Conjure up this scene in your mind for a moment: You’re attending a public meeting of some sort, and after a long and tedious presentation, someone says, I just don’t understand what, or whom, will be helped by this new policy? I read a sentence like that the other day, and because it was written by a serious writer on a serious subject, I had to stop to consider the grammar and structure closely. Sorting out this sentence may help us understand some important basics.
Let’s begin with the big picture: we see one interrogative sentence of two clauses. The first clause, I just don’t understand, contains a transitive verb (understand), and that transitive verb is out looking for a direct object, something which the subject, I, just doesn’t understand. Now direct objects can present themselves in the form of a word, phrase, or clause, and it’s right here that the writer went wrong, I think. What the subject I does not understand is the entire clause what, or whom, will be helped by this new policy; it’s that whole thought, not any one single word in it, that is puzzling to the subject. We can see the same construction in a sentence like he sees what’s going on. The verb see is also transitive, and what the subject he is seeing (that is, realizing) is the idea of what is going on—that complete thought, which is expressed, as all thoughts are, in a clause.
So if we look now more closely at this object clause, we can start by remembering that a clause is composed of a subject and verb. And we should also remember (though we might not want to) that the subject of a clause stands in the nominative case. English nouns and pronouns sometimes dress themselves up—take on different forms or spellings—in an attempt (ironically) to make it easier to see their grammatical function at any given time. These different forms are called cases, and modern English has three of them: nominative, possessive, and objective. The nominative case shows the subject of a verb and the objective case shows the object of a transitive verb. If we return, then, to the clause we’re examining, the nominative form of the pronoun what is what, so our writer has gotten that correct: what will be helped. But the nominative case of the other subject, whom, is not whom; it’s who. So this object clause should correctly read: what, or who, will be helped by this new policy.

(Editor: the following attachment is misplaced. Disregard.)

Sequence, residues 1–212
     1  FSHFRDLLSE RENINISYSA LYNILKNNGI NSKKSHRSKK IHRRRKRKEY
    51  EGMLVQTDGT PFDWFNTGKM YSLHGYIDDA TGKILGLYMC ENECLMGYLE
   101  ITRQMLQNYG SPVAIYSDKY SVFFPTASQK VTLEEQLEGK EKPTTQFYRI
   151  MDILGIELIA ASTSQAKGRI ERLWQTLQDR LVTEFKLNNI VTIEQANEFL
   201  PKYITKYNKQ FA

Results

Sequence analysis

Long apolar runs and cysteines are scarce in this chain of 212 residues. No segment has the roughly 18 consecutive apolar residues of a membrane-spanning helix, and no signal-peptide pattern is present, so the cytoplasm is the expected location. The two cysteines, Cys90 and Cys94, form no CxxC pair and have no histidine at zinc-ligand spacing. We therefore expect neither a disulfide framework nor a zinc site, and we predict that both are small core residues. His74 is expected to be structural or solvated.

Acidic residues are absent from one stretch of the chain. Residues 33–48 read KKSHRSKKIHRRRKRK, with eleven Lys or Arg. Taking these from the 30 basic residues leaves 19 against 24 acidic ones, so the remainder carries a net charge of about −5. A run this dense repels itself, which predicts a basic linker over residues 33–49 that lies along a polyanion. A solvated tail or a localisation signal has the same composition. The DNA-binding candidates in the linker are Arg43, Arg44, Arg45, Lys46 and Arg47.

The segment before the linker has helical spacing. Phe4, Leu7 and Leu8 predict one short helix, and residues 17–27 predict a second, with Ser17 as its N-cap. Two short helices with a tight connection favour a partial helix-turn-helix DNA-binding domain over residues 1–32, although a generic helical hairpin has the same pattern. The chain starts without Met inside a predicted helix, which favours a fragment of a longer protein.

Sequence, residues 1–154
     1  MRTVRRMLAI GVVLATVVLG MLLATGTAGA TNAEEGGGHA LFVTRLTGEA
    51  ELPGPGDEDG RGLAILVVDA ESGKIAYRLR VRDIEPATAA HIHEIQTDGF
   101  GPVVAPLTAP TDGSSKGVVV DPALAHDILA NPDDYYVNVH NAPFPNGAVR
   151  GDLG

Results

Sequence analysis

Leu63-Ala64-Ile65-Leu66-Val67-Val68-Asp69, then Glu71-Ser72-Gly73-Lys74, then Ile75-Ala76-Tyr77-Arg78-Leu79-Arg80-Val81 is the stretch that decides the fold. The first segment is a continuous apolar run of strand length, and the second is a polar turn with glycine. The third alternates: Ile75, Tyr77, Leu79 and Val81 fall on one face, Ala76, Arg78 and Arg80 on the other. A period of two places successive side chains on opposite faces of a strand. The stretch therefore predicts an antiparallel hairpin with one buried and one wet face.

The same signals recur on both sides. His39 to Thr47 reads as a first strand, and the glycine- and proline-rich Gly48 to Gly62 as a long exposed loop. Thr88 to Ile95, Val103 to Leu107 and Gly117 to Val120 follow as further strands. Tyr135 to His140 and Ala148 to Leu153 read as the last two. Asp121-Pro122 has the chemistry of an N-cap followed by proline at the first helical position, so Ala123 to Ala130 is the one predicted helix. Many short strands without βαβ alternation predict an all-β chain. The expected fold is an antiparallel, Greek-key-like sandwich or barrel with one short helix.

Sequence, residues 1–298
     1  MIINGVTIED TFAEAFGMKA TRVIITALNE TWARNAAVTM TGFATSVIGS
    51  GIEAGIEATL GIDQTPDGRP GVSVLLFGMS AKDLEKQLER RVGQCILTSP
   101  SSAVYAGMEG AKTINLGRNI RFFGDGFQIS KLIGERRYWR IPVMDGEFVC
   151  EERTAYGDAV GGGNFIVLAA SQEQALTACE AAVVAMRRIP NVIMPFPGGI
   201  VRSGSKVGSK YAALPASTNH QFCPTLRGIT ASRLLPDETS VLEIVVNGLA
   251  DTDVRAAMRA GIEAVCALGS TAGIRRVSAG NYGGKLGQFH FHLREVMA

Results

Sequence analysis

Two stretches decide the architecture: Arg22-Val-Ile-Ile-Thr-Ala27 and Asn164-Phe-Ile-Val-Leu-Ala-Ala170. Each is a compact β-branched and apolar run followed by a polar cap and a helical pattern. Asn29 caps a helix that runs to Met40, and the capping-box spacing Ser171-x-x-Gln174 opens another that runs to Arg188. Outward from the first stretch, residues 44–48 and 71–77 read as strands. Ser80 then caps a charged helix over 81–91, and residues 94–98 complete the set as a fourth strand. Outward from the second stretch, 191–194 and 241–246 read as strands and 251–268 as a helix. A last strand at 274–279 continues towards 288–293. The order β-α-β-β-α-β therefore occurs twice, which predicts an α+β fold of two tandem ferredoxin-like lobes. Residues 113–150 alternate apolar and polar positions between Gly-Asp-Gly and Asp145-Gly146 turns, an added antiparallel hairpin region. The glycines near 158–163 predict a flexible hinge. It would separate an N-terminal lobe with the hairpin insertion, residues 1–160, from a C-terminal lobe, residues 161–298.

Now you might well be thinking that since this is an object clause, the pronouns in it should stand in the objective case. That, as I said, is what I think the writer thought when he wrote the objective whom, and you and he wouldn’t be alone in suspecting that. But a good and reliable and often overlooked rule of English grammar is that the case of a noun or pronoun is determined by its use in its own clause. Here, the verb of the clause is the passive will be helped, and a passive verb, just like an active one, needs a subject in the nominative case. So if that’s the case, what, then, is the object of the transitive verb understand? The entire clause what, or who, will be helped by this new policy, not any one particular pronoun in it. There’s no way in English to mark a clause as an object, though its position after the transitive verb understand may hint at its objective function, because objects regularly stand after their controlling verbs. But the sure way to work out the grammar is by a closer analysis like the one we’ve undertaken here.
And finally, what about that question mark? As we have observed, that punctuation identifies the sentence as an interrogative, but this sentence is not asking a question. It is stating a fact: I don’t understand something, and what I don’t understand is who or what will be helped by this policy. Question marks are used only in direct questions. This statement strongly implies a question, but it is not directly posing one.
There’s often much grammar in a short sentence, and it frequently takes more than a few words to explain how a sentence is (or should be) put together. It’s always important to remember, though, that getting things right is not a matter of grammatical etiquette. It’s a matter of seeing the thinking, both explicit and implicit, in what we’re hearing and reading. And that is always an important thing.
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